The Sun is quite the opposite: it uses colloquial language, abbreviations and contractions. ‘Hols terror as towns are wiped out’. ‘Hols’ is an abbreviation of holiday and ‘wiped out’ is informal and over-exaggerated. This is typical journalese which one can expect to see in a tabloid. “It’s a tragedy”. The verb and the subject are contracted into one word: ‘it is’ becomes ‘it’s’. Elisions such as these are used in informal and spoken language. The choice of this informal register is due to the purpose of the paper. The latter is to appeal to people looking for an easy read.
Particular words were chosen to make the story more dramatic and build an interest. The Sun’s lexis consists of words such as ‘terror’, ‘destroyed’, ‘wiped out’, ‘agony’, ‘massive’, ‘tragedy’ and ‘shattered’ which are all part of the earthquake’s semantic field. They are exaggerated vocabulary, which often appears in tabloids.
The Times doesn’t use hyperbole but does choose to be dramatic to match the circumstances (‘worst’, ‘strongest’, ‘devastation’, ‘shook’). Again, the words listed are based around the same semantic field. The Times simply has a more formal and complex approach. This is identified from phrases such as ‘where two dozen buildings are thought to have collapsed’.
Both articles use facts and figures (‘worst in 50 years…killed at least 2,225 people”) to reinforce the gravity of the event.
The lexis is different in The Times to how it is in The Sun because the two papers are looking for the attention of a different reading group.
Parts of speech
In both newspapers we can notice the use of post-modification, used to give more information about the noun. ‘Ketan Majmudar, 36, a teacher in computer studies,’ The Times, and ‘State capital Ahmedabad, home of five million,’ The Sun, are noun packed phrases post-modifying a noun.
In the titles auxiliary verbs like ‘to be’ and ‘to have’ are left out. Instead of ‘rescue teams poised to fly out’ they could have written ‘rescue teams are poised to fly out’. This ellipse simplifies and shortens the title. Other words which are not necessary in order to understand the meaning, are also left out. ‘2,000 dead in India quake’ could have been ‘2,000 people dead in India quake’. However, such a noun is superfluous and would only add to the length of the title. It is important to be brief and interesting when writing a title because the reader’s attention determines the paper’s success. The Times are more precise and say ‘At least 2,000 die” which adds to the word count but is more explicit and formal.
The use of the present tense is applied in both articles inappropriately. ‘At least 2,000 die’ (The Times) as opposed to ‘have died’ and ‘is helped yesterday’ (The Sun) as opposed to ‘was helped yesterday’. Journalists do this because it makes statements shorter and actual. The action clearly happened in the past (yesterday) but sounds current. The verb ‘is helped’ is in the passive voice. When we change the sentence into the active voice it becomes: ‘(The man) helps the woman’ which we can recognise easily as the present tense.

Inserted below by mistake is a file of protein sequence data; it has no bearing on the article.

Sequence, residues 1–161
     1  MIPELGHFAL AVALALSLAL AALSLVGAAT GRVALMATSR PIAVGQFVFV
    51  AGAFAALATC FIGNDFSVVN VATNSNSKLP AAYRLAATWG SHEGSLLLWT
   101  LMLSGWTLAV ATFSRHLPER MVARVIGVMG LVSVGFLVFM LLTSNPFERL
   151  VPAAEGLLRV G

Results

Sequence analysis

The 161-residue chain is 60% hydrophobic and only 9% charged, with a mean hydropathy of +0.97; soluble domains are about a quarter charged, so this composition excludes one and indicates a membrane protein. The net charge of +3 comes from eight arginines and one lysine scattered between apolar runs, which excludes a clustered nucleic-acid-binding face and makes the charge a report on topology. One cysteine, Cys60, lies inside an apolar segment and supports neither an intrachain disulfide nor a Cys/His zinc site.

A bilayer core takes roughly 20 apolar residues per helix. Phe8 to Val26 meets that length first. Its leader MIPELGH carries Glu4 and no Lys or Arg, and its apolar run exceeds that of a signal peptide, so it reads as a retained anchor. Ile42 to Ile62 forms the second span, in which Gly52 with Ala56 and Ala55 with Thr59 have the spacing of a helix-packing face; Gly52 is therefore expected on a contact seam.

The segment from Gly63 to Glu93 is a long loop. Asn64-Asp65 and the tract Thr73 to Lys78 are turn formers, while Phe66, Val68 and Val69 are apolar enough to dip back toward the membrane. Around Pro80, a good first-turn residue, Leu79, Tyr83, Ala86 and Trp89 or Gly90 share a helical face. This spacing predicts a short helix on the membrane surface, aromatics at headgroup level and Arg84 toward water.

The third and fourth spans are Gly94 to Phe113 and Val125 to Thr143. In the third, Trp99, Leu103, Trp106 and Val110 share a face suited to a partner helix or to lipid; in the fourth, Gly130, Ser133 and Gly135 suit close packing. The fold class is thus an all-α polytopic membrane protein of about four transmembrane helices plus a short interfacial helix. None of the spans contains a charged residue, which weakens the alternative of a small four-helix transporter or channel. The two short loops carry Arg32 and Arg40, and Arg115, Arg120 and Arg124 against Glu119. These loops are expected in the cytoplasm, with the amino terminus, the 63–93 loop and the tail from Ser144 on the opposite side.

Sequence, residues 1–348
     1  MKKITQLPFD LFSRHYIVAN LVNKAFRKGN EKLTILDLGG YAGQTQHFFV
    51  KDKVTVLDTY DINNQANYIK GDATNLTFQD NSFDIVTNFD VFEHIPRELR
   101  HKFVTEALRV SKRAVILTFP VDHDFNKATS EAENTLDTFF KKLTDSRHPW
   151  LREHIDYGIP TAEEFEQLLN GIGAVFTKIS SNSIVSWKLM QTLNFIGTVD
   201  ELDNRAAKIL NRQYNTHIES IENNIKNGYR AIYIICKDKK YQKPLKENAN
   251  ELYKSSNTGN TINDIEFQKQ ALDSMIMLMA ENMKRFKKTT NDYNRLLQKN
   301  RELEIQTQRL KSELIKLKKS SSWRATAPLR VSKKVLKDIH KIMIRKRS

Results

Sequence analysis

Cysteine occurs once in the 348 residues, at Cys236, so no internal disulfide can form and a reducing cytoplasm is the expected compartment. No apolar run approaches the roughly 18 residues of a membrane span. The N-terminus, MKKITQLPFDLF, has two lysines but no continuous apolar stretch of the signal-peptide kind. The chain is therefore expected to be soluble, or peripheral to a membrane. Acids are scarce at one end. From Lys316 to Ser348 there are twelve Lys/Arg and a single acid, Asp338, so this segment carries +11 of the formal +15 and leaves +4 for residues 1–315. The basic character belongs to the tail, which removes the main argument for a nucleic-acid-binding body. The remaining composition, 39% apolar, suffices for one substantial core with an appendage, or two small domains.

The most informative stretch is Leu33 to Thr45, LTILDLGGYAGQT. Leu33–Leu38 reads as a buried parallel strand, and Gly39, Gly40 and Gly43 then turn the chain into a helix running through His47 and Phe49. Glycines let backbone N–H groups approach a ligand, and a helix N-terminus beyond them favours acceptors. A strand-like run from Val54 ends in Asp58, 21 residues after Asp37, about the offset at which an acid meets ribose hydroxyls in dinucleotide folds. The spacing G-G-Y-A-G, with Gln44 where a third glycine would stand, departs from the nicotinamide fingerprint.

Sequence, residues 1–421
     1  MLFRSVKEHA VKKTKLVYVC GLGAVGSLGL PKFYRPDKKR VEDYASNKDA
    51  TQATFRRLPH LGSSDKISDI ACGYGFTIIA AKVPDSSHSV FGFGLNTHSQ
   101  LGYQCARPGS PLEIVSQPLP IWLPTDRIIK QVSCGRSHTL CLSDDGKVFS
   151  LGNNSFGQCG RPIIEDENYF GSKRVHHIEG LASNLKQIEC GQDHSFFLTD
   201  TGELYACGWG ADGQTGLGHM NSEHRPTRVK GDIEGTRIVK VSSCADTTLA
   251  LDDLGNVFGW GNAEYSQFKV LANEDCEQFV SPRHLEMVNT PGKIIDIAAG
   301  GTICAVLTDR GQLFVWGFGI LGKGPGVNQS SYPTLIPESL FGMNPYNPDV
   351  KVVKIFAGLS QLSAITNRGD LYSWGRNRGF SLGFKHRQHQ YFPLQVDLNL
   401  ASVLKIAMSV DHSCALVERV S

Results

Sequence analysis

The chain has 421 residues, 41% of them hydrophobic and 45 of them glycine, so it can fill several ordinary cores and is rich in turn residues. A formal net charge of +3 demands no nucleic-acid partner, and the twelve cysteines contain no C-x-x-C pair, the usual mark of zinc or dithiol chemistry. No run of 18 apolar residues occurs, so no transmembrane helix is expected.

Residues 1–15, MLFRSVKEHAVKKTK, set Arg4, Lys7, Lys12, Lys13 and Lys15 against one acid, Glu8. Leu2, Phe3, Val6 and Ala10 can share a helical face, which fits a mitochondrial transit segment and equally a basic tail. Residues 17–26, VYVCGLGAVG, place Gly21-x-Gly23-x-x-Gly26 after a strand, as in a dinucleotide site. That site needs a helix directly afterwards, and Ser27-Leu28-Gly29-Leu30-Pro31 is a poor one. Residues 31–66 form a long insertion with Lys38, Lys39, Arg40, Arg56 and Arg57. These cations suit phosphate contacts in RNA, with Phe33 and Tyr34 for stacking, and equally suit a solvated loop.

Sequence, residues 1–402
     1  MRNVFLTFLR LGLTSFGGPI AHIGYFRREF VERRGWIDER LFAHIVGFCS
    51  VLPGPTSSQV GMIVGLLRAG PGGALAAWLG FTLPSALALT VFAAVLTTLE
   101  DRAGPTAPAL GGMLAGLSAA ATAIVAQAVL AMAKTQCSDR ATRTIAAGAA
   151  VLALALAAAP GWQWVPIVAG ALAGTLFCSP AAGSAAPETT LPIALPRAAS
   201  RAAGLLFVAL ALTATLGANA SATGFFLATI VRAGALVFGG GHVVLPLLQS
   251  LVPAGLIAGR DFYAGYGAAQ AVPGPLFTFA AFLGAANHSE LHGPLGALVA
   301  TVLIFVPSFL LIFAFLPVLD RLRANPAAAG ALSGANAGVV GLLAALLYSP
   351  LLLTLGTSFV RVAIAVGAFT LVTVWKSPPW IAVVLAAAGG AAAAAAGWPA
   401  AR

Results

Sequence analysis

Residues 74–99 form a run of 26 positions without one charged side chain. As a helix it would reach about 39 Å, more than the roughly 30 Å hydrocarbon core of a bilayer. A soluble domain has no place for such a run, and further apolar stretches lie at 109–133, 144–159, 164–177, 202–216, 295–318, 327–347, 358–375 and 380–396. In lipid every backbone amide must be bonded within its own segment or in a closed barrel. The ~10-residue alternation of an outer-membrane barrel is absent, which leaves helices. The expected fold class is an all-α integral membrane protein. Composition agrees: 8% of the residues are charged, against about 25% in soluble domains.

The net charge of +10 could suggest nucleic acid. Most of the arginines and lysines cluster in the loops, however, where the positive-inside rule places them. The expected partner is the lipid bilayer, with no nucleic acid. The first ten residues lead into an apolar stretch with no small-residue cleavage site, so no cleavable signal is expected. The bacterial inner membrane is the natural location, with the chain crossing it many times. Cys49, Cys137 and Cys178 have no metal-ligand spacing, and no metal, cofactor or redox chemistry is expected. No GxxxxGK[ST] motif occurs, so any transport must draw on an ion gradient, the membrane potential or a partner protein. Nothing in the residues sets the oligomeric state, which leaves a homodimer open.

The Sun has many techniques to emphasise words. In this one there is a rhyme in the first paragraph, ‘the wake of the massive quake’. It keeps the reader interested and entertained. The use of alliteration helps to insist on words creating a more dramatic image (‘bloody body’).
Synonyms are used in both articles to avoid repetition when referring to the damage. The Times: ‘shattered’, ‘collapsed’, ‘shook’; The Sun: ‘wiped out’, ‘rocked’, ‘hit’ and ‘destroyed’.
There is no use of direct address because these are newspaper reports written to inform us rather than talk directly to us. It is clearly written language, which unlike spoken language, has been carefully planned and structured.
Both articles are well written because they achieve their purpose. The Sun uses a larger font with colloquial exaggerated vocabulary and The Times adopts the more formal approach. They both aim to appeal to their targeted people. The Times writes for an educated audience seeking a more challenging piece of writing. This includes businessmen, house owners, and well-educated people, which is why it is written in that degree of formality and complexity.
The Sun, on the other hand, is aimed at an audience who wishes to be entertained and who is not looking to be intellectually challenged. Its objective is to appeal to the people by supporting them in moments of grief and to amuse them by spreading gossip about celebrities. As I predicted in my hypothesis, The Times wishes to inform and The Sun wishes to entertain. However, the real difference is emphasis because a journalist’s job is to inform and entertain; it is simply a question of prioritising according to the paper.